Despite the levels of radiation being very low, the findings underline the ongoing fallout of the 2011 disaster.
Scientist detected for the first time radioactive material from the Fukushima nuclear disaster of 2011, off the coast of Canada on Monday.
The sample analyzed were collected in February this year off the coast of Ucluelet, a small town on Vancouver Island.
The results were revealed by the Woods Hole Oceanographic Institution that has been leading efforts to determine the radioactivity in world oceans since the Fukushima disaster.
However the levels the group detected are extremely low. For example, swimming in the Vancouver Island water every day for a year would provide a dose of radiation less than a thousand times smaller than a single dental X-ray, the institution explained.
Although the levels of radioactivity were very low to pose a threat to human or maritime life, the new discovery has raised ongoing concerns of radioactive material in the world’s oceans.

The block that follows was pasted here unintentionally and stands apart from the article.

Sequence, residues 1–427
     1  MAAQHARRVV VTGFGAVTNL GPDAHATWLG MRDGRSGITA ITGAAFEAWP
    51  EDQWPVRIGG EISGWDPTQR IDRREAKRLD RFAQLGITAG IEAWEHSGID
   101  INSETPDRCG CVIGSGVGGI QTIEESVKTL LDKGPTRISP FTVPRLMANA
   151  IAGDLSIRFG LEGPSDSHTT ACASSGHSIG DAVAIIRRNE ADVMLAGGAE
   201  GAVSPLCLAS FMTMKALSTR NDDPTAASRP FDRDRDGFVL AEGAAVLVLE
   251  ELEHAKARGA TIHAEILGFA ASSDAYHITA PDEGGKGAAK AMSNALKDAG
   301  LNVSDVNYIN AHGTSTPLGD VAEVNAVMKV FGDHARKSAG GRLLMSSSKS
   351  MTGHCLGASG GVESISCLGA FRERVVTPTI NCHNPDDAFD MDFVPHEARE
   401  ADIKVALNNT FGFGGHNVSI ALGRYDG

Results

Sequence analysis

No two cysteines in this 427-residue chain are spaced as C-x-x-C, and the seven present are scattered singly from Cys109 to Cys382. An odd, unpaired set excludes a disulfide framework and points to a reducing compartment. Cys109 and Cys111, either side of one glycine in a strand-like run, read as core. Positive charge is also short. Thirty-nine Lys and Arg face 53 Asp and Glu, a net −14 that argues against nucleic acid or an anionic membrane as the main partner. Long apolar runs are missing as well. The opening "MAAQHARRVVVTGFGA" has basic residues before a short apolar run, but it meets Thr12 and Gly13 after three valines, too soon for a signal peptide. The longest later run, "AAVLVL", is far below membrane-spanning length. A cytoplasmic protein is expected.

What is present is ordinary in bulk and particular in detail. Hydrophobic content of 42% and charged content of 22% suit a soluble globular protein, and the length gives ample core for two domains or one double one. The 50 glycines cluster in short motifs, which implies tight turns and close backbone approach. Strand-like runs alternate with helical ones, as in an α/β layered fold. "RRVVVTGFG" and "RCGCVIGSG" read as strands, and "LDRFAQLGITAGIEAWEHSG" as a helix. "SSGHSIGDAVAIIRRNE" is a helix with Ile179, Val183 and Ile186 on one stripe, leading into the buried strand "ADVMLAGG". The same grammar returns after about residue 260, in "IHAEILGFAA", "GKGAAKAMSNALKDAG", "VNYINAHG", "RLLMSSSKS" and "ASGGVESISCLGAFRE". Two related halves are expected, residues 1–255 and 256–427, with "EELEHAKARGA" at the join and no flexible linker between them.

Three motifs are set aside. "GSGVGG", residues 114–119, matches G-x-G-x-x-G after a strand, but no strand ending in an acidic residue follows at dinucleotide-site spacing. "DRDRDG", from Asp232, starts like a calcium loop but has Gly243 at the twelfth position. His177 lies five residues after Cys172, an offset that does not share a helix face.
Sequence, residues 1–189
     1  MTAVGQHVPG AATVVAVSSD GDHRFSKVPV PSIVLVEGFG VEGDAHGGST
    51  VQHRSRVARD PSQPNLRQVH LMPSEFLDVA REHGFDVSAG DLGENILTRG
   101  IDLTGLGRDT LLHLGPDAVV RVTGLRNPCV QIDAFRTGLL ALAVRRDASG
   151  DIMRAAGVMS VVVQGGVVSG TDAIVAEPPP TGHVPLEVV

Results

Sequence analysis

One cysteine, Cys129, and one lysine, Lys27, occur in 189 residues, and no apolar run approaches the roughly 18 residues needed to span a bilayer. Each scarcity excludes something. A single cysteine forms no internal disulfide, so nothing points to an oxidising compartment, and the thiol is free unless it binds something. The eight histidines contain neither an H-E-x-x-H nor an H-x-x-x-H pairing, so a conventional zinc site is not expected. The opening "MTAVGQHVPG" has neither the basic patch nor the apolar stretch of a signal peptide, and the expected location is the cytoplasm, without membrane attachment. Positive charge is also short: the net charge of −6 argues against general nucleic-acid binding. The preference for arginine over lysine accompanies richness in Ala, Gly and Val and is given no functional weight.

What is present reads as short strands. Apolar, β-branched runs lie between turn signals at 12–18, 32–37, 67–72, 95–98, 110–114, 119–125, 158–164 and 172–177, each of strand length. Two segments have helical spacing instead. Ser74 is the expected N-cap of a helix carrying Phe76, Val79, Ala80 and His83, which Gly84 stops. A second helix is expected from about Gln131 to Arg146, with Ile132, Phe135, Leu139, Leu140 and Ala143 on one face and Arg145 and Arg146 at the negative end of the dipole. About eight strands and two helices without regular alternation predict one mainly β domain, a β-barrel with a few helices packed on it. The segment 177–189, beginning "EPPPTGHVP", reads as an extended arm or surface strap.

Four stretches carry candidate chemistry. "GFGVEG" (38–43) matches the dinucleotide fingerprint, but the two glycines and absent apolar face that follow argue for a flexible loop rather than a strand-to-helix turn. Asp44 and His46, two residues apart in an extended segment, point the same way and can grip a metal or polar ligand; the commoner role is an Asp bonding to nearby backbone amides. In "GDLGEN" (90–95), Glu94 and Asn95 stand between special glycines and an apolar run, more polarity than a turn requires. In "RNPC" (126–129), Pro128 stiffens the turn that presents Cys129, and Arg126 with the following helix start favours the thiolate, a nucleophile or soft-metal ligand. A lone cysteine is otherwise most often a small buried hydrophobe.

Last February a new leak in the Fukushima plant was reported, and ended in the Pacific Ocean.
As Ken Buesseler, senior scientist in marine chemistry and geochemistry at Woods Hole Oceanographic Institution, explained in an interview with the L.A. Times in 2013, the debris carried through the ocean by the Fukushima disaster does have an impact on maritime life, despite not being a radioactive hazard.
That year every bluefin tuna tested in Californian waters was contaminated with radiation originating in Fukushima
The debris washed out by the sea “carries invasive species, which will be of serious concern to coastal ecosystems on the West Coast,” he explained.
Woods Hole has began a fundraising campaign to determine – through water samples and other elements – how radioactive are our oceans and the possible impact this could have in the future.